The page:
Blog Post

Slowing Economy Slowing Broadband Growth

The demand for broadband skidded sharply during the fourth quarter of 2008. We went through the latest quarterly financials of all the major broadband service providers and collated the net new subscriber additions –- and so far, things aren’t looking good. Of the 12 majors, five companies, including Cablevision (s cvc), aren’t due to report their quarterly results until later this month or early March.

Nevertheless, the sharp decline in net new additions is pretty clear (see the chart below). The downturn has been particularly hard on cable companies, especially Time Warner Cable (s TWC), which saw a 44 percent decline in new additions.

Verizon (s VZ) has posted the best performance so far, while AT&T (s T) is seeing some benefit from the rollout of its Internet TV service, U-verse, which commands higher bandwidth. AT&T lost about 1,600 DSL subscribers in the most recent 3-month period.

Qwest (s Q), Embarq (s WBQ) and Windstream all saw declines in their subscriber additions – mostly because they cover territories where the housing downturn has taken its toll. Now even if the remaining companies report the same number of new subscriber additions for the fourth quarter of 2008, the overall broadband additions for the last three months of 2008 will still be down sharply.

Q3 Q4
Comcast 382,000 331,000
Cablevision 32,000 TBA 2/26/2009
Cox 60,000 TBA 03/04/2009
TimeWarner 222,000 124,000
Insight 20,500 TBA
Verizon 225,000 282,000
ATT 148,000 236,000
Qwest 61,000 54,000
Embarq 24,000 24,000
Windstream 28,400 16,000
CenturyTel 21,000 TBA 2/19/09
Total 1.371M 1.06M

Source: Company Filings

11 Responses to “Slowing Economy Slowing Broadband Growth”

  1. I think that broadband must be considered as an information service similar to telephony. These two (broadband and telephony) hold different qualities than other information goods such as Television and Radio. On one hand TV and Radio require a comparably significant but one-off purchase of the set. Even more, second hand markets (ie further reduced pricing) is an additional enabler for broadcasting market.

    On the other hand both broadband and telephony are considered by the consumer as a monthly expenditure that is required to have the service available.

    On these terms, it can prove useful to estimate the impact of the current economic and social situation on broadband drawing from previous experience on telephony. This particular and highly necessary differentiation between information goods and information services is what makes universal service debate relevant to broadband and telephony and not to TV/Radio. And this also can explain the growth rates of each respectively, throughout the years.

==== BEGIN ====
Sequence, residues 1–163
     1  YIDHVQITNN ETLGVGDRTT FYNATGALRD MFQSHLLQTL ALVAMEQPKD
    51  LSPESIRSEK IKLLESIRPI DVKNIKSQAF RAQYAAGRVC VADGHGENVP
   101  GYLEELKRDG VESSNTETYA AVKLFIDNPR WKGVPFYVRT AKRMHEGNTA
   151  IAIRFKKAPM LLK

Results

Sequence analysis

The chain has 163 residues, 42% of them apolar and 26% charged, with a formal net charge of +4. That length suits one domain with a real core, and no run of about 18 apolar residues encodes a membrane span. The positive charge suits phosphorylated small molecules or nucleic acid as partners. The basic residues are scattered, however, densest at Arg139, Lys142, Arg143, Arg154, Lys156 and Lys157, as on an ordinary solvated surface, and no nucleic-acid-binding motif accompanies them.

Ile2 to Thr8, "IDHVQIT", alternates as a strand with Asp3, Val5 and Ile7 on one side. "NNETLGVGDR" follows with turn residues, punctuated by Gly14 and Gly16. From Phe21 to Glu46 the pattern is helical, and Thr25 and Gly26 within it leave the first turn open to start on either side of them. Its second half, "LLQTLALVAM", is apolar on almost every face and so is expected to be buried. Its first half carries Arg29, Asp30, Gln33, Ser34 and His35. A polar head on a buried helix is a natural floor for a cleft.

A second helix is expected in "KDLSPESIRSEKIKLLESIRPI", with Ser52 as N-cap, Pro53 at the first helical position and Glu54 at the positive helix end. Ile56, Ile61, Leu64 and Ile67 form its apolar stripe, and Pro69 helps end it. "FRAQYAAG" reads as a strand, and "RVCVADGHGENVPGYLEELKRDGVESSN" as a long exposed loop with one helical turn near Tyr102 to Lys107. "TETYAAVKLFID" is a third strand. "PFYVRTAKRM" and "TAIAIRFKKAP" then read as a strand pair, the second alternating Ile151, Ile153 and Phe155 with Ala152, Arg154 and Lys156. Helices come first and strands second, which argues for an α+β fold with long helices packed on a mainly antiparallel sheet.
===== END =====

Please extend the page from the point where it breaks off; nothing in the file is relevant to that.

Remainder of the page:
2. @Jason

    I have pointed out in the piece that there are quite a few that have not reported their numbers. I am assuming flat growth for them – unlikely – and that means a decline of around 150K new connections or just over 10% decline. I think it is pretty substantial.


    I have not, though that is a pretty good suggestion. I am going to try and compare those numbers.

    @Wifiguy, I have not been able to find time to collect my thoughts on Microsoft’s retail store news and didn’t want to just make an off the cuff remark, like eight years after apple, Microsoft gets the religion. etc! There are plenty of people who made that obvious point.

    I am thinking more from Microsoft’s larger strategy.

  3. Broadband: an overpriced product with a stupid business model and a terrible access method. Business slowing? Oh, the humanity. I cannot have any sympathy for an industry which mucks up a product/service that has a huge demand. Demand is still there, airheads! Even worse management than the Detroit auto industry. Go cry in your beer together!

  4. i sell cheap used computers. many of my customers are first time buyers. almost no one sign up for DSL or cable for there internet access. some just use wifi with there laptops out and about. quite a few live in apartments with free wifi; still more share a neighbors wifi connection. but nearly everyone who pays a monthly fee of some kind is going with one of the cell phone company options. here in denver that overwhelmingly means crikit for leap wireless. $40.00 a month gets a high speed link that works anyplace in the city. it is technically limited to 5 GB per month by the FUP. but myself and several other have been using it much more than that without noting any significant slowdown.

    i believe the rate at which cellular broadband will be taking over from cable and DSL is very underestimated. most people will take even a pretty big sacrifice in speed for the convience.

  5. Dear Sir,

    Respectfully I disagree with the analysis, although I value your opinion. Your total Q3 number accounts the total subs for all the carriers, but Q4 adds only the filings announced. Since that data is pending for some carriers. It will not be correct to use that in your totals. If you remove the subscribers for Q3 for the TBA carriers, you will find that the drop in subscribers is only 2% as opposed to the 22% it currently looks. Which you will agree is marginal. Indeed TWC seems to have had the biggest loss, but it is hard to conclude whether this was the effect of the economy or possible churn to AT&T and Verizon.